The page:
Indeed, simple logic dictates that we should shun this approach, for what advantage is there to be gained in Chakirah? Suppose for a moment that the ancient Jewish philosophers with their thorough scrutiny had not been able to fully comprehend as they did or, heaven forbid, on the contrary, they would have understood otherwise. Would it be excusable for them to not believe in the existence of Hashem? Certainly not! A heretic is not absolved for his sin because his intellect led him astray. To accept such a premise would be to allow for any bad behavior however perverse, because after all the perpetrator believed in it, did he not? And as such, since I am morally bound by the well-established Jewish creed, regardless of where intellectual exercises lead me, what then is the benefit in analyzing a matter which, either way, I am not at the liberty to do as I my poor wisdom dictates?

An oft quoted passage of Rabbi Yosef Yavetz [10] (he is known as the Chassid Yavetz) points out that throughout history in times of forced conversions the Jewish philosophers were actually less likely to cling to Judaism, whereas the simple folk, the women and youngsters imbued with simple faith, were more resolute in their refusal to succumb to their physical pain and danger.

Pursuant to the above, since Avraham had no Mesorah, no historical tradition upon which to base his faith, one might assume that Avraham only had the lesser level of faith, one based on his own understanding and not the superior level of Emunah Peshuta – blind faith. If this indeed was the case, how can it be expected of us to attain the higher level of belief? If our faith is a continuum of that attained by Avraham, our forefather, how can we aspire to that which he could not endow us, simple faith which himself seemingly lacked?

It can be suggested that Avraham actually did gain this level of faith through the incident of kivshan haEish (being cast into the burning furnace and being saved miraculously through Hashem’s grace). Since this was not at all a logical development it was evident to him that there are things we cannot fathom and understand about Hashem’s wondrous ways yet we still must believe. This too, is part and parcel of Avraham’s legacy.

We can now answer the question of the Ramban as to why Avraham’s accomplishments are not described before the pivotal events of his life are chronicled. Avraham’s greatness was actually not a result of his own spiritual development through his intellect and therefore the Torah need not mention this. His true greatness was his Emunah Peshuta which is alluded to in the end of last week’s parsha albeit somewhat veiled [11]. וימת הרן על פני תרח אביו בארץ מולדתו באור כשדים – Haran died in the presence of Terach his father in his native land Ur Kasdim. The Medrash [12] reveals that Terach denounced his son Avraham before King Nimrod for having shattered all of his idols. Nimrod then went and cast Avraham into a fiery pit for his religious beliefs, and he was miraculously saved through Hashem’s hand. The word Ur is similar to Or meaning fire of Kasdim / Chaldea.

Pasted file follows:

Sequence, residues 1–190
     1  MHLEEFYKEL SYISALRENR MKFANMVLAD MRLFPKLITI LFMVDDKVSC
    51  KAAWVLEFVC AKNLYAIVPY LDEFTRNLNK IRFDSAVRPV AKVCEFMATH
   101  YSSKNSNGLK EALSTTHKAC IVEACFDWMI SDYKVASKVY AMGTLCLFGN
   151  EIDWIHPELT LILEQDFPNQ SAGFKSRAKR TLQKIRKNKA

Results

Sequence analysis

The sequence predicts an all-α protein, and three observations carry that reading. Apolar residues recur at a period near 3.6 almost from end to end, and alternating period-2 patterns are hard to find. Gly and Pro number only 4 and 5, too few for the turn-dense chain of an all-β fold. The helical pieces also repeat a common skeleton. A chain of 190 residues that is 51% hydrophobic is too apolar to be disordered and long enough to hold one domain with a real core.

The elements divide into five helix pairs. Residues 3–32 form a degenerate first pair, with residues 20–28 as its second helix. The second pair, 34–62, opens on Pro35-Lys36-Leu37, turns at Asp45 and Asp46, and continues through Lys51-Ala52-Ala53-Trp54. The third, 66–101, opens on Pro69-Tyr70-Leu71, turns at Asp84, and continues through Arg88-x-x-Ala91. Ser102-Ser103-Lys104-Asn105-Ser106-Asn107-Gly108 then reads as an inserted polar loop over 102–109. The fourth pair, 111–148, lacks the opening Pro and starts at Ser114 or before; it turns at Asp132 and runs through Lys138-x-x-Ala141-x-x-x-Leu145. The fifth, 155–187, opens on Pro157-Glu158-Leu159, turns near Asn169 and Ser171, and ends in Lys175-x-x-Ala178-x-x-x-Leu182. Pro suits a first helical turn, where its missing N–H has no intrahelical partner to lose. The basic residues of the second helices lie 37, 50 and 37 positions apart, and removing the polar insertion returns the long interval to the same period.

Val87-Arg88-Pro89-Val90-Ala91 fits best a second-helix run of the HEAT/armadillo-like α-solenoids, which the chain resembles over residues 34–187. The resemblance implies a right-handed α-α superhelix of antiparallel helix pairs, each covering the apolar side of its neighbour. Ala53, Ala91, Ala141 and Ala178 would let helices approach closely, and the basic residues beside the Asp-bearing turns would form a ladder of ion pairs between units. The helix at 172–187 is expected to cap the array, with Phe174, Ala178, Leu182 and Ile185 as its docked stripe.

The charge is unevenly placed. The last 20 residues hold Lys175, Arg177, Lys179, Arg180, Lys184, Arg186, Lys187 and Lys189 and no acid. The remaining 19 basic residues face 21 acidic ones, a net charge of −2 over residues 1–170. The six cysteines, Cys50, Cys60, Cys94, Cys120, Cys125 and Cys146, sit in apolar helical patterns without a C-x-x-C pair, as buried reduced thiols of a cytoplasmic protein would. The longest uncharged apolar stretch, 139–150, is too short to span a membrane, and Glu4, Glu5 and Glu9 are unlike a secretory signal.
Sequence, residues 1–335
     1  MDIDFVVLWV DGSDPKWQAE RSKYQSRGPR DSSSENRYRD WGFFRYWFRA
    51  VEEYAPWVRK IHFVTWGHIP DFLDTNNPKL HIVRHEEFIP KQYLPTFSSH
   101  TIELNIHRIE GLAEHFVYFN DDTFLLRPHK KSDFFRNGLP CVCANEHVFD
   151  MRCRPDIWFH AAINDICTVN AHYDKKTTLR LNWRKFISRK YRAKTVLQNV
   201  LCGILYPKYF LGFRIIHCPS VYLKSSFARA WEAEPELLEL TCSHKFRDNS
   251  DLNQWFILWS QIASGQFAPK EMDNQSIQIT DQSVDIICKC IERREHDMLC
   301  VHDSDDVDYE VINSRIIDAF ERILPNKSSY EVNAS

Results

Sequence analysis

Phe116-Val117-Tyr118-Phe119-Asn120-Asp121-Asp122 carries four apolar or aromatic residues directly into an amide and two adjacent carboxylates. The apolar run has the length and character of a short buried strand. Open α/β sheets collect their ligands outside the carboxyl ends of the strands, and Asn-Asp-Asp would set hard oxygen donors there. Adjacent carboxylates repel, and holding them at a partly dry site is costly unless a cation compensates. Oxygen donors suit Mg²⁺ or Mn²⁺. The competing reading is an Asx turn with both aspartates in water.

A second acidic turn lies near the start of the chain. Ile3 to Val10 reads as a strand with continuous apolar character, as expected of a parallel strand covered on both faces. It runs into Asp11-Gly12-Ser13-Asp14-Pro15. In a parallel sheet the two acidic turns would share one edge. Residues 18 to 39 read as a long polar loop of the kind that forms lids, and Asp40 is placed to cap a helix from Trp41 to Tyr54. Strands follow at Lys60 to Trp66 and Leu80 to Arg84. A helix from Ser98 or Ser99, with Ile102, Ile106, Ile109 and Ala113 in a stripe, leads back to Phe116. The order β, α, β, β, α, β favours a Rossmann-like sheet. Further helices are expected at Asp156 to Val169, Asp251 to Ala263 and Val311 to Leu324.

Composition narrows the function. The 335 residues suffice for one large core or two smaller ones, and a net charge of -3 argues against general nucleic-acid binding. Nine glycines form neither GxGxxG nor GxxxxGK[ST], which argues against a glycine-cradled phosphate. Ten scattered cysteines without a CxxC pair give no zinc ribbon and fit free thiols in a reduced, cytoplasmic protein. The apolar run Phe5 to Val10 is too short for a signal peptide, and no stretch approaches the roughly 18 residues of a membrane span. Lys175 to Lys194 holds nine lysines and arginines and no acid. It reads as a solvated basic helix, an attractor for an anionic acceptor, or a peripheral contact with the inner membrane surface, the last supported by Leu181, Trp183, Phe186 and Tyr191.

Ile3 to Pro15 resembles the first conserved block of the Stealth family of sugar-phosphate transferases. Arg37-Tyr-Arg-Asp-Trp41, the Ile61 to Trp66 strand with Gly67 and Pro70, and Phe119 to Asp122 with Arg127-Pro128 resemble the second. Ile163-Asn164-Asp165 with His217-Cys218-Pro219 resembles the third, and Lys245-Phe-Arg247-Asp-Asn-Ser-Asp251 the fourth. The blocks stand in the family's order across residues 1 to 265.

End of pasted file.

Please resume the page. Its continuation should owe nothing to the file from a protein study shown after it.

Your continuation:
In fact the Tiferes Shlomo [13] explains that this episode was actually considered as if Avraham had a new lease on life thus disconnecting him even physically from his father Terach, as the Medrash [14] tells us that when Hashem told Avraham to go out to the land that I show you, He told him that he was nullified from the commandant of honoring his parents thus enabling him to be the ‘father’ of Bnei Yisroel without all the spiritual blemishes inherited to him by his own father. This further explains why everything that transpired up to that moment was not relevant to the events occurring later in Parshas Lech Lecha.

[1] Nahmanides, also known as Rabbi Moses ben Nacḥman and by his acronym Ramban 1194–1270

[2] Ramban Bereishes 12;3 on the words ‘venivrechu’

[3] Shemos/Exodus 3:1

[4] Shemos/Exodus 2:2

[5] Ibid 2:5

[6] Ibid 2:11-12

[7] 6:9

[8] See Medrash, Bereishes Rabbah 39:1

[9] Rabbi Eliyahu Dessler 1892 -1953. Towards the beginning of his classic work Michtav Me’eliyahu vol. 1 the article is ‘Biur middas harachamim’.

[10] Rabbi Yosef Yavetz was born in Spain and left there during the Expulsion in 1492. He finally settled in Mantua, Italy, and assumed an honored place in the community. He authored many works for example Chasdai Hashem, Maamar HaAchdus and Yesod HaEmunah. He also wrote commentaries on Tehillim / Psalms and the Ethics of the Fathers. The latter work is extremely popular to this day. He also wrote Ohr HaChaim which is dedicated to the meaning of the Spanish Expulsion and why it occurred.

[11] 11;28

[12] Bereishes Rabbah 38:13

[13] Rabbi Shlomo Rabinowicz of Radomsk he was the first Radomsker Rebbe.

[14] Bereishes Rabbah 39:7